In claims for a computer-implemented invention, what is the practical advantage of repeating similar claims under "a method," "a system," and "a non-transitory computer usable medium" categories?

i.e., Is there any precedent for losing an opportunity to claim infringement due to not having the claims for all these categories?

If questioning justification for the cost of a potentially large number of claims, would it make sense to focus on just one or two of these categories?

1 Answer 1


It can make sense to focus on one or two types of claims. Each type of claim gives you the chance to go after a different category of infringer. A distributor or importer of a system may never take it out of the box and turn it on. They would not be liable for direct infringement of a method claim because they never performed the method. Think about who infringes a claim type. induces infringement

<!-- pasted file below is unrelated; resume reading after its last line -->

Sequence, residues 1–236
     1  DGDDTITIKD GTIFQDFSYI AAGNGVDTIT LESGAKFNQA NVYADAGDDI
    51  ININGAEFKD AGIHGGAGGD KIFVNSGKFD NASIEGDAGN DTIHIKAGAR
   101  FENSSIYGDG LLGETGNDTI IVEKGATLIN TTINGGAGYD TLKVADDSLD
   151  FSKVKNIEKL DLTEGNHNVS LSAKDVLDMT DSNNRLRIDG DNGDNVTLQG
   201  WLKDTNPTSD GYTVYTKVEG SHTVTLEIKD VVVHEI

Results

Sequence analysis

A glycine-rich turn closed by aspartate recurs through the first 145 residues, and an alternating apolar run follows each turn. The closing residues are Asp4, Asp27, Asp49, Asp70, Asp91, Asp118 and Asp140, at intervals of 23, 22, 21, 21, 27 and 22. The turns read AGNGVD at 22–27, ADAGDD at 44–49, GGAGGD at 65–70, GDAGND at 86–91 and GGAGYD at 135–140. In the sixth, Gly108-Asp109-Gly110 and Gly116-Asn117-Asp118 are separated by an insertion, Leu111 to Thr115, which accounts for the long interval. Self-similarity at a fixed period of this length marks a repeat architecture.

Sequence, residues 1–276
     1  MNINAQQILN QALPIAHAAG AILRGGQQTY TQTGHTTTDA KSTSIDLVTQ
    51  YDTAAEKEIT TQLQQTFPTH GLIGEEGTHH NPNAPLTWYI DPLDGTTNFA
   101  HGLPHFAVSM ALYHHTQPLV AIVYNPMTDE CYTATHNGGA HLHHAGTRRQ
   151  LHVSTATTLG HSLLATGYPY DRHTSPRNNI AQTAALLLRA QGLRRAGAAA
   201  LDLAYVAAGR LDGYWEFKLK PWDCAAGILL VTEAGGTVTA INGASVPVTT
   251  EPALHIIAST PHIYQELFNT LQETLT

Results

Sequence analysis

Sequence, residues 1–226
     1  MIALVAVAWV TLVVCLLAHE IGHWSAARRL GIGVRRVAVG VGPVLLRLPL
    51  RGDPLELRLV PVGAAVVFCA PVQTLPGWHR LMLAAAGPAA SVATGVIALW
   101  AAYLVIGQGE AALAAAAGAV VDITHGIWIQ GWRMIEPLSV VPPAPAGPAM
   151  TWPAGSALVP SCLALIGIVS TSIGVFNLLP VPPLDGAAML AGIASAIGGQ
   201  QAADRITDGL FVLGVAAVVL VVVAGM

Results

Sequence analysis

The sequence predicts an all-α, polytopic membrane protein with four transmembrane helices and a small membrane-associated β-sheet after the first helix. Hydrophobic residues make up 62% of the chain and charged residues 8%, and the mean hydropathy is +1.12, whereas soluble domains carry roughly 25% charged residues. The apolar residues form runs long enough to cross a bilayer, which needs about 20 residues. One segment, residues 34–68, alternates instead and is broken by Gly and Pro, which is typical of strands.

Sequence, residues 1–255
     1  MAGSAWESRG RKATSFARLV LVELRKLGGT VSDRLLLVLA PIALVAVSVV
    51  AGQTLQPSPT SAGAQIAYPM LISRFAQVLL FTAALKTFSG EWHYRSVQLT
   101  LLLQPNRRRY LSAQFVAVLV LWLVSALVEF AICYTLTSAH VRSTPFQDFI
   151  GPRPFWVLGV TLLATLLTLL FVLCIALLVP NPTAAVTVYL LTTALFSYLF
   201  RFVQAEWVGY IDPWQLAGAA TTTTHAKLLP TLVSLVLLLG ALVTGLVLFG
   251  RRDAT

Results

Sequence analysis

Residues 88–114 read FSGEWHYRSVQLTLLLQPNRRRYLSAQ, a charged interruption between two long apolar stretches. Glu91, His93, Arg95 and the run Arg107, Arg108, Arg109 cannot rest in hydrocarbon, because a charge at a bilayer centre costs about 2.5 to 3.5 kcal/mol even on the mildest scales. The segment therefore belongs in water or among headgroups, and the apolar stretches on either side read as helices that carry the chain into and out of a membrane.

Without the full panoply of claim types you are not completely boxed in. You can cast a bigger net by suing over contributory infringement and/or inducing infringement as well as direct infringement. This might snare players where you do not really have the right claim type. Best is to be able to go after a deep pockets infringer who's infringement is very visible, for direct infringement.

Regarding the number of total claims - you only get three independent claims for "free". Each type of claim needs to be an independent claim. It is advisable to have more than one independent claim per type. If the applicant is a micro entity the cost for excess claims is not very high. $115 for each independent claim beyond 3 and $25 for each claim over the total of 20. It is possible that an examiner will restrict your application to only system claims or only method claims. If the restriction - that would get expensive.

  • Thanks – I can see how, if you have a fairly small number of primary claims, triple-ing them with all 3 types is no problem if the total is within 20, or not vastly beyond. Much above that, it becomes an expense-justifying decision. In my case of a computer-implemented invention, if I was thinking of doing "method" and "system" but not the software-specific one ("non-transitory...") Does that makes sense, or it is advised to do that one instead of one of the other ones?
    – Charles
    Apr 30, 2019 at 2:48

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